As a busy location-based commercial photographer, headshots are a staple of the services I provide to law firms, hospitals, accounting firms and other corporate clients. Although a head-and-shoulders portrait seems simple, it’s also one of the most practical, useful and important types of image I create for clients.
There are a few keys to success with corporate headshots. One is the ability to match the existing look of a headshot done by another photographer. Large, far-flung companies with multiple locations often choose to hire local photographers, but all of them must look like they’re taken by the same photographer. The ability to ‘reverse-engineer’ a photo is a very necessary component of that process. The examples below demonstrate two such situations.
It’s critical to be able to provide suggestions that are appropriate for the brand and type of company. The same headshot done for Big Bank XYZ isn’t the same approach or look that is needed for a hip, small tech company or a creative firm. The ability to provide creative options and know what’s needed is key.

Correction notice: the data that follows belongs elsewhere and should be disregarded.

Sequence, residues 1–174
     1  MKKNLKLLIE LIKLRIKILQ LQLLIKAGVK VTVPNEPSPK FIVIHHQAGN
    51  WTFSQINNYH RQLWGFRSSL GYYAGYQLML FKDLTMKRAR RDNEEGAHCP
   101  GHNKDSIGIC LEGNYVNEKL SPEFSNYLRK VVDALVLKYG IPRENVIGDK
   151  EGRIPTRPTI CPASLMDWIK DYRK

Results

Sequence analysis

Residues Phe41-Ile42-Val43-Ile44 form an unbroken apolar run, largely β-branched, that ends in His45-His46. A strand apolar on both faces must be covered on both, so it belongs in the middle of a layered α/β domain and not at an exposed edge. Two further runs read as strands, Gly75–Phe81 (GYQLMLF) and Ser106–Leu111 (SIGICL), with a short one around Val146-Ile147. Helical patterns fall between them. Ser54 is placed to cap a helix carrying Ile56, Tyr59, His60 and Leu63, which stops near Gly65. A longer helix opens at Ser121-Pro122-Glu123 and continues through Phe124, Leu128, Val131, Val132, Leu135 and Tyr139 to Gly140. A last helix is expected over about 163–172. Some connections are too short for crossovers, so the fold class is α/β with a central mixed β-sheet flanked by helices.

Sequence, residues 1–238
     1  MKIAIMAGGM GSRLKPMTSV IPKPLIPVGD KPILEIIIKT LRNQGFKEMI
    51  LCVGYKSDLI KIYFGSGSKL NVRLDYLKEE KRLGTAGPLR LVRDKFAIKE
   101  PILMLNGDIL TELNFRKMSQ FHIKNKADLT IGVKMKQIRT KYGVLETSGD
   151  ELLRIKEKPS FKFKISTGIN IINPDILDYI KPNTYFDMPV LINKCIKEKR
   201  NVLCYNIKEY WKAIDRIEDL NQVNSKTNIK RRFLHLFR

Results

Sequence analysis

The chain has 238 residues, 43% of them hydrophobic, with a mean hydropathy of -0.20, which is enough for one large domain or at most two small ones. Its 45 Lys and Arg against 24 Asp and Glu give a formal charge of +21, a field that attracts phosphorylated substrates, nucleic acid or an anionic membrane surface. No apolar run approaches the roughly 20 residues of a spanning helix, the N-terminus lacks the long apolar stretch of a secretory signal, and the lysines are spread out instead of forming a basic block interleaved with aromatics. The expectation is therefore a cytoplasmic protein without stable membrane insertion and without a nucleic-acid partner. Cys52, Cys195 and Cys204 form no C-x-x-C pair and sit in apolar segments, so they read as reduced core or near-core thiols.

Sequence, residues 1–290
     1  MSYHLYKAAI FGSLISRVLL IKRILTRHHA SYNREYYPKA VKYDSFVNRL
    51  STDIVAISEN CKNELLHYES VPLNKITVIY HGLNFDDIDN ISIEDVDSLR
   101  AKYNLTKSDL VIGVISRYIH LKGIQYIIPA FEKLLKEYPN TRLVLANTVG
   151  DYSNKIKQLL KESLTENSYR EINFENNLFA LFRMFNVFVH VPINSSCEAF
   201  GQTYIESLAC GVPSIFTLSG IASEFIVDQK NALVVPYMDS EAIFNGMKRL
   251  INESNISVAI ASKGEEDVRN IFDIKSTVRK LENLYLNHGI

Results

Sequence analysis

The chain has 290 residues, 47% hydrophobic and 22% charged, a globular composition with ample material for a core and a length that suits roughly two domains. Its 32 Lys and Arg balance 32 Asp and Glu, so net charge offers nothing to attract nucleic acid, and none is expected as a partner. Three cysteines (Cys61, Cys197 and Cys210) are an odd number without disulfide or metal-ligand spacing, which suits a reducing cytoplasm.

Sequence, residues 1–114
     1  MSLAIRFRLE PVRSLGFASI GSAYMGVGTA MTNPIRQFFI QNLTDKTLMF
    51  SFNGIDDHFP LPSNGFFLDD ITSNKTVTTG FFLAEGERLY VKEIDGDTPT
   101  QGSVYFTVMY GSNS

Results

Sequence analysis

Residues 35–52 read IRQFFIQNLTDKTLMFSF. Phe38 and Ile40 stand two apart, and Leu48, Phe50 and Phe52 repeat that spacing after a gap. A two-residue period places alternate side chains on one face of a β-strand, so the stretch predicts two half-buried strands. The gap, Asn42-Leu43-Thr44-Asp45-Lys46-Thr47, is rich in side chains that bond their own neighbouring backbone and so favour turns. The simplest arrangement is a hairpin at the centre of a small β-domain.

Another important component of corporate headshot photography is the process itself. I can scale my operation to fit into even tiny conference rooms. It’s rare that I work with professional models, so my subjects need a photographer who can work quickly and efficiently, and who can give them little, easy to follow direction that translate into a great image. Often I travel with a large screen so they can see exactly what they’re getting before the session is done.
Once the domain of realtors, bankers and salesmen, now everyone who uses LinkedIn, Biznik or other social networking sites for business reasons needs a headshot that is professional and is appropriate to their brand.